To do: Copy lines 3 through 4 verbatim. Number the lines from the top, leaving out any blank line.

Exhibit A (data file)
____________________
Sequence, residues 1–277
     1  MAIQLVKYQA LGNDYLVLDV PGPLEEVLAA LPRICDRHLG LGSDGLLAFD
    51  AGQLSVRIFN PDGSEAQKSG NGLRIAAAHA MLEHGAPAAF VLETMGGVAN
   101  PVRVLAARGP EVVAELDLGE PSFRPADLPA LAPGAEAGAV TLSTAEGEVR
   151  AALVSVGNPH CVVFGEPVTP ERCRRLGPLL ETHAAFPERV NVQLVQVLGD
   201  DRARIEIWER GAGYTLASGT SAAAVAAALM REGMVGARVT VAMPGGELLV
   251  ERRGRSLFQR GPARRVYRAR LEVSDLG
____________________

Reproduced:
    51  AGQLSVRIFN PDGSEAQKSG NGLRIAAAHA MLEHGAPAAF VLETMGGVAN
   101  PVRVLAARGP EVVAELDLGE PSFRPADLPA LAPGAEAGAV TLSTAEGEVR